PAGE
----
Percutaneous in situ single screw fixation is the preferred treatment for stable and unstable slipped capital femoral epiphysis (SCFE). The recommended screw placement is in the center of the epiphysis and perpendicular to the physis, which necessitates an anterior starting point for most SCFEs. A recent clinical study has shown good clinical results with a laterally based screw for SCFE, which is oblique to the physis. We sought to biomechanically compare these 2 techniques for load to failure and hypothesized that the laterally based oblique screw is equivalent or superior to an anteriorly based perpendicular screw.Methods:
Twenty-two paired immature porcine femurs were used to compare the techniques. A SCFE model was created in all femurs using a previously published technique by performing a 30-degree posterior closing wedge osteotomy through the proximal physis. In the control group, a screw was placed perpendicular to the slip with an anterior starting point. In the experimental group, the screw was started as close to the mid-lateral cortex of the proximal femur as possible while maintaining the screw anterior to the posterior cortex of the femoral neck and ending at the apex of the epiphysis ignoring the resultant angle to the physis for the experimental group. The specimens were then potted and loaded in a physiologically relevant posteroinferior direction (30 degrees posterior from vertical) to determine load to failure (N) and stiffness (N/mm).Results:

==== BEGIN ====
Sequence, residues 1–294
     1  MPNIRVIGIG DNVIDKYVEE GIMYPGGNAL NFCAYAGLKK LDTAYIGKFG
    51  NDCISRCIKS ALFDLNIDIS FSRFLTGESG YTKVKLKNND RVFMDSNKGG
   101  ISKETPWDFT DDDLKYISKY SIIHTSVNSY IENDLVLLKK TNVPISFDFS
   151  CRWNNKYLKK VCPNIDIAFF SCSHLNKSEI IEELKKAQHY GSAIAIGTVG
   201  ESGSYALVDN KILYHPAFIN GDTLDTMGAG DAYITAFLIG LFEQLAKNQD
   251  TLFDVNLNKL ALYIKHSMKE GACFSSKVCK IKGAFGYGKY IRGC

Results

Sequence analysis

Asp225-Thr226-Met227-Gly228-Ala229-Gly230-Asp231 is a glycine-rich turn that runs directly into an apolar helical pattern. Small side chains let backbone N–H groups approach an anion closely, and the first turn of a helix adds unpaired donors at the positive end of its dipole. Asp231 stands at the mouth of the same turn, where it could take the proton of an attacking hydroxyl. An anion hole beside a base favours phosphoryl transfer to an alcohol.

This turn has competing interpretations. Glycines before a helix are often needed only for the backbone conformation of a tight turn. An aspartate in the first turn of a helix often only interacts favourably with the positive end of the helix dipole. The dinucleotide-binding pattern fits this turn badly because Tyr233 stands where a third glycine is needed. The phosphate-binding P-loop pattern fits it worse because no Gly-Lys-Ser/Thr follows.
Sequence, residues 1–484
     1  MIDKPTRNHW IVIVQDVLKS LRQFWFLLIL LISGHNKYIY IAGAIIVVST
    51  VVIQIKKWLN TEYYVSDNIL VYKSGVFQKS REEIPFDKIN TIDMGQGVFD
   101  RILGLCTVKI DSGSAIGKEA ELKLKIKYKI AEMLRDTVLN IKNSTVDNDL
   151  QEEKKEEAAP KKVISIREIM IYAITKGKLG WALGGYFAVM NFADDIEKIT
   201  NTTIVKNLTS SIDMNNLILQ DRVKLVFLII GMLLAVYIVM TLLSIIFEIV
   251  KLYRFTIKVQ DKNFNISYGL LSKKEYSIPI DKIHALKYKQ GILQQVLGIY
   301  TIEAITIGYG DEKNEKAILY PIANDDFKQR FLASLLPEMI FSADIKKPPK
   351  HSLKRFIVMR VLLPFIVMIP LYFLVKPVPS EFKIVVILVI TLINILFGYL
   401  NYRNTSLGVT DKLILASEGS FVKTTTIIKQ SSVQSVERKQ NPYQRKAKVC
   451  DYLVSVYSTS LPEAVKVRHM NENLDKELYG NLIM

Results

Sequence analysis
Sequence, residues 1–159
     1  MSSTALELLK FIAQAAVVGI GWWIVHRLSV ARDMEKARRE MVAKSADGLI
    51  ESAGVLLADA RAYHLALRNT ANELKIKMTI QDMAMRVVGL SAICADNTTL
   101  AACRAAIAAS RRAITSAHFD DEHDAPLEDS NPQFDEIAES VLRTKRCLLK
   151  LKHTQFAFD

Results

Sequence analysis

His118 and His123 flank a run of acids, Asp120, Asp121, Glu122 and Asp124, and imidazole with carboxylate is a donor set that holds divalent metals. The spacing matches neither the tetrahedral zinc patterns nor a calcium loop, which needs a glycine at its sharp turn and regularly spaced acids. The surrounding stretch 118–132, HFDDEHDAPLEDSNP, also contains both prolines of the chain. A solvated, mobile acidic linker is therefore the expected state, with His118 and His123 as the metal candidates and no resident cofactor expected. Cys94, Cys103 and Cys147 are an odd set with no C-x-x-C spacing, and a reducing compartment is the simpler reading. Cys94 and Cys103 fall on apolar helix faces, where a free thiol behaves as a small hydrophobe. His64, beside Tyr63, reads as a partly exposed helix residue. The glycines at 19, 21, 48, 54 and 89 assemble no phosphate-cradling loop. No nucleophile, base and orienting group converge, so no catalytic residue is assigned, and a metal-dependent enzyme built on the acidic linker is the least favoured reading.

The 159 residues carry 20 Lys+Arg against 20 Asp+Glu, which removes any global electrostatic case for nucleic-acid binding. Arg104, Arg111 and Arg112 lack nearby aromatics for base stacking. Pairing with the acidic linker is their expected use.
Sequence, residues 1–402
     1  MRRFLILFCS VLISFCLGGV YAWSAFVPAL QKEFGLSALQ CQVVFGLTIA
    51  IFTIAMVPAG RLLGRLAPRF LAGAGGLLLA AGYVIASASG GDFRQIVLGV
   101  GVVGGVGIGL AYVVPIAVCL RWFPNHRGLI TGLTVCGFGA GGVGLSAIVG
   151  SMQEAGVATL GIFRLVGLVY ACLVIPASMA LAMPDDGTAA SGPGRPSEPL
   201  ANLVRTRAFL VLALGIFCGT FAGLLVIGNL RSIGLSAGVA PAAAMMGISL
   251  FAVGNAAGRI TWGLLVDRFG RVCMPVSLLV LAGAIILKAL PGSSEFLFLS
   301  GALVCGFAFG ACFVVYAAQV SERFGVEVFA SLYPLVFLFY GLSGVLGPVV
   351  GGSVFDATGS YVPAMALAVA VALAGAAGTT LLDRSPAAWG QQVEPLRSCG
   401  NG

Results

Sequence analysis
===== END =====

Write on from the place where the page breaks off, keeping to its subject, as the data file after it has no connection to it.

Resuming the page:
No statistical difference was found between the 2 groups in maximum load to failure or stiffness (P>0.05).Conclusions:
A laterally based screw oblique to the physis for in situ fixation in mild SCFE is not significantly different than an anteriorly based screw perpendicular to the physis in load to failure and stiffness in our study model.Clinical Relevance:
In light of no difference in load to failure of these 2 constructs, surgeons may be more comfortable with the traditional lateral entry point while still aiming for screw placement in the center of head.